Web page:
By M. S. Kempshall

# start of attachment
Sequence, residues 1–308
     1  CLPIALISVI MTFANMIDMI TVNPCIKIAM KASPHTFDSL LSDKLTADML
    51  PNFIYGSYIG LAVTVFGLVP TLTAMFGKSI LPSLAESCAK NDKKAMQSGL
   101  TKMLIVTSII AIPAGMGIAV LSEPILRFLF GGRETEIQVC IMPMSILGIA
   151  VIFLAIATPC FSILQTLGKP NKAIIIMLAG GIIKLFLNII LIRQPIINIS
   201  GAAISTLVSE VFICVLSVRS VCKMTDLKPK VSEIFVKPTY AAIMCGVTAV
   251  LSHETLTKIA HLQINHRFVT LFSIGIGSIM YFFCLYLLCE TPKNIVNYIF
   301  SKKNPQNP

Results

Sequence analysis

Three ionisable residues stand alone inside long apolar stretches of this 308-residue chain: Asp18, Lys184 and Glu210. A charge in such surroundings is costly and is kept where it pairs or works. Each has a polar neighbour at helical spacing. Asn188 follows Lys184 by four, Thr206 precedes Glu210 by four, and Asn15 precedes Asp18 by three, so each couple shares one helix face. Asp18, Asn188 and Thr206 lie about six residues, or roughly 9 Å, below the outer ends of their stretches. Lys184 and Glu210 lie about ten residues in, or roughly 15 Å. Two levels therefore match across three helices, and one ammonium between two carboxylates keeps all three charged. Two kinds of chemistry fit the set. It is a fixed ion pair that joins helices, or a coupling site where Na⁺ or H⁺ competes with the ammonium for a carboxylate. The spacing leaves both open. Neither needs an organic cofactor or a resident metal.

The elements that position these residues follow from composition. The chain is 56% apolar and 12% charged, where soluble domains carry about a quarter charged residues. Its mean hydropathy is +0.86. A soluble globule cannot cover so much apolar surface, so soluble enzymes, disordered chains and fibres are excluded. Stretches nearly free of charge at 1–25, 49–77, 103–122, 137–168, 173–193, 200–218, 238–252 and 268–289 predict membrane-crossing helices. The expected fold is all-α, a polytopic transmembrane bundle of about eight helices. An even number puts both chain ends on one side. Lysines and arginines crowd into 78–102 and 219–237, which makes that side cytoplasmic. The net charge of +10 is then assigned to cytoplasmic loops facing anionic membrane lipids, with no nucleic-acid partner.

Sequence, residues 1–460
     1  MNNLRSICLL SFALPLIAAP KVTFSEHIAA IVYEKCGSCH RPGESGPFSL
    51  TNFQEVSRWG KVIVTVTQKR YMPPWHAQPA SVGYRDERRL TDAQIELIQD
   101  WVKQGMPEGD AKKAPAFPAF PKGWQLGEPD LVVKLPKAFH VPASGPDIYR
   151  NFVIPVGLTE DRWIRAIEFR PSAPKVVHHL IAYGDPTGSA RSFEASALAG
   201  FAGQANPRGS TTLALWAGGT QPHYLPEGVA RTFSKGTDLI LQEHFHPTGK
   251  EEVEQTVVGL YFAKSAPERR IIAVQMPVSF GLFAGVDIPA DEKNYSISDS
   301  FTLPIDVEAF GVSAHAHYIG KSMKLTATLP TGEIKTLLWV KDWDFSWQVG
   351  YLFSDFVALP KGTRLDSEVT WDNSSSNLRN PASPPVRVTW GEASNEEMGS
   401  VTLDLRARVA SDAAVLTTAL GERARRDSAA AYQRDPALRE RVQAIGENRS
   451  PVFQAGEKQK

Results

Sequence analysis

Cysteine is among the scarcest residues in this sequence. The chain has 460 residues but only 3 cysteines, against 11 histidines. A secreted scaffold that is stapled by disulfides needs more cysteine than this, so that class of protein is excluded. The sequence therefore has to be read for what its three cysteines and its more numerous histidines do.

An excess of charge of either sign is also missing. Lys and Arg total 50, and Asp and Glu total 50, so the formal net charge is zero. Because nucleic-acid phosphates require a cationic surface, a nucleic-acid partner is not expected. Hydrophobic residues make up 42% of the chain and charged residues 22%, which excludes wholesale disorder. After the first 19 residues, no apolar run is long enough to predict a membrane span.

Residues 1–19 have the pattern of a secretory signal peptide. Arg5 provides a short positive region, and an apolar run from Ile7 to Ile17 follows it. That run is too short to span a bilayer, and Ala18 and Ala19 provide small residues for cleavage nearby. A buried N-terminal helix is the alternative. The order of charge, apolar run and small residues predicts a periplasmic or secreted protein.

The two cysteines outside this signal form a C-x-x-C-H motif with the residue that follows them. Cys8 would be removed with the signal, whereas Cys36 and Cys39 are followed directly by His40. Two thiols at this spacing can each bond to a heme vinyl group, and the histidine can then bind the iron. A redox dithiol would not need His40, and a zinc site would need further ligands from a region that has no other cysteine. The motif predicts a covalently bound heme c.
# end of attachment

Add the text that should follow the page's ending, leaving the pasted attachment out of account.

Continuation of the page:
This study offers a major reinterpretation of medieval political thought by examining one of its most fundamental ideas. If it was axiomatic that the goal of human society should be the common good, then this notion presented at least two conceptual alternatives. Did it embody the highest moral ideals of happiness and the life of virtue, or did it represent the more pragmatic benefits of peace and material security? Political thinkers from Thomas Aquinas to William of Ockham answered this question in various contexts. In theoretical terms, they were reacting to the rediscovery of Aristotle's Politics and Ethics, an event often seen as pivotal in the history of political thought. On a practical level, they were faced with pressing concerns over the exercise of both temporal and ecclesiastical authority - resistance to royal taxation and opposition to the jurisdiction of the pope. In establishing the connections between these different contexts, The Common Good questions the identification of Aristotle as the primary catalyst for the emergence of 'the individual' and a 'secular' theory of the state. Through a detailed exposition of scholastic political theology, it argues that the roots of any such developments should be traced, instead, to Augustine and the Bible.